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U.S. Somalia peacekeeping idea hits resistance at U.N.

UNITED NATIONS (Reuters) - The U.N. chief and France on Wednesday cast doubt on U.S. calls to authorize a U.N. peacekeeping force for Somalia quickly, saying the situation was too dangerous for blue helmets.

U.S. Secretary of State Condoleezza Rice said on Tuesday for the first time that the U.N. should deploy peacekeepers in the unstable country in the Horn of Africa. Washington will push for a Security Council authorizing resolution by the year’s end.

But U.N. Secretary-General Ban Ki-moon said, “the situation is not ripe, the conditions are not favorable ... If there is no peace to keep, peacekeeping operations are not supposed to be there.”

Instead, Ban suggested bolstering an African Union force, known as AMISOM, that is supposed help Somalis themselves to restore security but has so far proved ineffectual.

The Security Council on Tuesday authorized countries fighting piracy off the Somali coast to take action inside the country and in its airspace, with consent of the government.

France’s U.N. Ambassador Jean-Maurice Ripert, asked if Rice’s proposal was realistic, said: “No, it is not ... We think it’s not feasible and it’s not desirable.”

The situation had to be stabilized before U.N. peacekeepers could be deployed, Ripert said.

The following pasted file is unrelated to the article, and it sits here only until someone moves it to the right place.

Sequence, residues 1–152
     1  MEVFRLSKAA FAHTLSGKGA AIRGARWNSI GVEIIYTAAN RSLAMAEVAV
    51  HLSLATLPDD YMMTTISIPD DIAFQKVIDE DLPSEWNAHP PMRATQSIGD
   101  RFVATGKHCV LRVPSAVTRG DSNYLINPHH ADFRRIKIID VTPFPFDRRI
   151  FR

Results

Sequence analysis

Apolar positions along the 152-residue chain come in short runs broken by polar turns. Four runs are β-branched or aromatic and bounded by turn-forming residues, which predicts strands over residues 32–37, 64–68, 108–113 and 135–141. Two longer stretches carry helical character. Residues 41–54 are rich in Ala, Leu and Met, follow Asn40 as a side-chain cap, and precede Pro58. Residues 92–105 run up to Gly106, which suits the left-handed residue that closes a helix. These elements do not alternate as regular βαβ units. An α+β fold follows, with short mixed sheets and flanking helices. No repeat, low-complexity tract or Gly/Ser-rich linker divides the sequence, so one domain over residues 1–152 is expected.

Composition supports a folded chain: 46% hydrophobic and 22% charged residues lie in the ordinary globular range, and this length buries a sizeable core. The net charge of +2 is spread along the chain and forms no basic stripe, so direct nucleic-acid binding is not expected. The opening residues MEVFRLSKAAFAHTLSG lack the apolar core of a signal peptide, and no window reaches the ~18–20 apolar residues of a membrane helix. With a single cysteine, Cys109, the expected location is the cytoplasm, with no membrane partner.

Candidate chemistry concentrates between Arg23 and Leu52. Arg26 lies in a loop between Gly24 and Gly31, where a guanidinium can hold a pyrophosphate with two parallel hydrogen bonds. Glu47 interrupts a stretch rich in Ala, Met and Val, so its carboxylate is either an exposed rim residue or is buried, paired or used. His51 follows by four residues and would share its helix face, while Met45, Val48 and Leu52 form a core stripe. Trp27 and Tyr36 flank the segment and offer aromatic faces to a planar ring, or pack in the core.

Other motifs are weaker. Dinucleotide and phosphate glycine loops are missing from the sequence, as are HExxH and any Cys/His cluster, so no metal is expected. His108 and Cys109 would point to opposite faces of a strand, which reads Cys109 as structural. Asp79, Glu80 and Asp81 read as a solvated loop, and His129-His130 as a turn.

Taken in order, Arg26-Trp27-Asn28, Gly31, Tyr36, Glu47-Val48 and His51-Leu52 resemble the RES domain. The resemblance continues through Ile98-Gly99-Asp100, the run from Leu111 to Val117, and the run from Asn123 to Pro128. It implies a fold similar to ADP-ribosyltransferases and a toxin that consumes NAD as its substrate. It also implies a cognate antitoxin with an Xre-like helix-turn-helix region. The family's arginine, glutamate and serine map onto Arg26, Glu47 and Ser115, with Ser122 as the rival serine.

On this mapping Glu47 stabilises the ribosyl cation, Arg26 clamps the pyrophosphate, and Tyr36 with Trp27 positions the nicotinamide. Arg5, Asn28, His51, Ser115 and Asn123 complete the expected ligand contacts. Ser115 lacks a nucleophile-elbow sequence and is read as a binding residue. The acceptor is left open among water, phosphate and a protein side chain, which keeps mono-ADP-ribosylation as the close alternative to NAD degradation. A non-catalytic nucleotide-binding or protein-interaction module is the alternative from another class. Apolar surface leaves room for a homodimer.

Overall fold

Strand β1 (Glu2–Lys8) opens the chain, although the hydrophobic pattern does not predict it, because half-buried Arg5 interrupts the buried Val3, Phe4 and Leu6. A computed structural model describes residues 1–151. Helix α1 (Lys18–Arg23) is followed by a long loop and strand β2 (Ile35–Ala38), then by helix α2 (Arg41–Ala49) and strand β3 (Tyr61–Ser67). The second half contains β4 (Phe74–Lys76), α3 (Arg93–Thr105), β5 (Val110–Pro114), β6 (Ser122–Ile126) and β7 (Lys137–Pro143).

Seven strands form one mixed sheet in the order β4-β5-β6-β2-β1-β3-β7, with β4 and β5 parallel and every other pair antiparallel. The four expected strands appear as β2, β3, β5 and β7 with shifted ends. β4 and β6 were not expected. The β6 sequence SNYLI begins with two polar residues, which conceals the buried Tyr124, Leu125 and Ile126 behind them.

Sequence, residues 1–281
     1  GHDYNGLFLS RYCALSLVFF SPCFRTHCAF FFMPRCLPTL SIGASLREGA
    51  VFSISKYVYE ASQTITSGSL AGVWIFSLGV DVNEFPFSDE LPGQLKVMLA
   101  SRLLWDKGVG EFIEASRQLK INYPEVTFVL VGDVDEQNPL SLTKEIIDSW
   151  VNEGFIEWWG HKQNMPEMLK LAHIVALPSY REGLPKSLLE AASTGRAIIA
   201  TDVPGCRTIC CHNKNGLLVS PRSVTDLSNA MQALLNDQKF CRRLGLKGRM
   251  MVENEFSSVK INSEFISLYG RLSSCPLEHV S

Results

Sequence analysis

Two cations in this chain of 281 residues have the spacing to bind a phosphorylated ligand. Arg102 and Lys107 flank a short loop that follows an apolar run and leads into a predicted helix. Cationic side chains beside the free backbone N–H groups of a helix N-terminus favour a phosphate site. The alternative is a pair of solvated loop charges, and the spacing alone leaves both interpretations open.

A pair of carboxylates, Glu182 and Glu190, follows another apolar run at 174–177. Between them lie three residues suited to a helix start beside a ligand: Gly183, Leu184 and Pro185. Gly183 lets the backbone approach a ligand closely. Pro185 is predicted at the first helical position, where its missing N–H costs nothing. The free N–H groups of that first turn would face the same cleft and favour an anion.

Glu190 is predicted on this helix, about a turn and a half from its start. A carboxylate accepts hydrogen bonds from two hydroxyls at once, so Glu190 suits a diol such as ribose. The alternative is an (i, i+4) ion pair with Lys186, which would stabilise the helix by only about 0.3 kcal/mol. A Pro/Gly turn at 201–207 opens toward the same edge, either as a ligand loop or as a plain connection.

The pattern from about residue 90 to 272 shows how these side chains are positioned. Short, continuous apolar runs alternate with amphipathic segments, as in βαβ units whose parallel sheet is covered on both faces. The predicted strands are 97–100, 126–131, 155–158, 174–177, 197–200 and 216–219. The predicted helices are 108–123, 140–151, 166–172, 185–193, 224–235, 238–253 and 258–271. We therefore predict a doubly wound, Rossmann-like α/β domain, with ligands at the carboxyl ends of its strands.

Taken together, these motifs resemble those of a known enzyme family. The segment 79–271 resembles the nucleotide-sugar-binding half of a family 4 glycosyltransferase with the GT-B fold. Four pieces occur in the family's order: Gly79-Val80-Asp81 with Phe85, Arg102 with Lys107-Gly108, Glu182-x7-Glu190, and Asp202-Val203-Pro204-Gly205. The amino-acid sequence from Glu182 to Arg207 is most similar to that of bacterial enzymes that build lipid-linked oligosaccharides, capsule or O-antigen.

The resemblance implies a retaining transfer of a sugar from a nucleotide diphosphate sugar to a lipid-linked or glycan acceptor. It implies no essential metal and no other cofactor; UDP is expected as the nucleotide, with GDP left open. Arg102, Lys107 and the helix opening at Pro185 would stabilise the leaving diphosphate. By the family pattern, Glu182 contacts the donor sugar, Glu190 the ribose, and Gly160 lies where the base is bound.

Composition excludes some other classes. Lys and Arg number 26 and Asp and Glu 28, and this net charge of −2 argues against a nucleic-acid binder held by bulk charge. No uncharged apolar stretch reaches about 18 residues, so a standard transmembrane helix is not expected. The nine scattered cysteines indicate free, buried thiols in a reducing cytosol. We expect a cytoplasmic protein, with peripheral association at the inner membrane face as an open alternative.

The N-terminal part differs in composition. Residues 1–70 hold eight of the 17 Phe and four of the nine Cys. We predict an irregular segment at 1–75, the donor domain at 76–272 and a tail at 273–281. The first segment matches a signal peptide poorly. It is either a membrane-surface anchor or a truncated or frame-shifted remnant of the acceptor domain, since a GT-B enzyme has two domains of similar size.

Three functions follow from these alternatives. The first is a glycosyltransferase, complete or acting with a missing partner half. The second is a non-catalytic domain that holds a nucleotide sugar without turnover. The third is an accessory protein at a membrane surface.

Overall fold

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Council members agree they must tackle violence, chaos and humanitarian catastrophe in Somalia, Ripert said. But they disagree on how to act.

Islamists control most of southern Somalia, feuding clan militias hold sway elsewhere, and Ethiopian troops backing the weak government plan to pull out.

A previous attempt by outside powers to help end starvation in Somalia ended badly. Eighteen U.S. soldiers died and 73 were wounded in the “Battle of Mogadishu” on October 3 and 4, 1993.

The battle, which inspired the film “Black Hawk Down, marked the beginning of the end for a U.S.-U.N. peacekeeping force that left in 1995.

Ban told the Security Council last month around 10,000 highly skilled troops would be needed to stabilize Somalia. After that, a U.N. peacekeeping force of some 22,500 troops would be deployed, along with additional police and civilians.

But after contacting some 50 countries, Ban said none had volunteered to lead a stabilization force and only one or two would be willing to provide troops.

A video grab from an undated television footage shows pirates walking on the beach in the town of Eyl in the north of Somalia. The United Nations should send peacekeepers to Somalia urgently to stop the strife that is fuelling piracy and is being aggravated by feuding politicians, the African Union's top diplomat said on November 20, 2008. REUTERS/Reuters TV

The United States has offered funding, training, equipment, airlifts and logistics -- but no troops.

Rice said some African states were ready to send troops. U.N. diplomats say Washington has proposed converting AMISOM to a U.N. force while training and equipping more troops from Burundi and Uganda, which already have 3,200 soldiers there.

But one U.N official said they would lack the skills, air support and intelligence capability needed to secure Mogadishu.

“You need peace enforcers, not peacekeepers,” he said.

Editing by Eric Walsh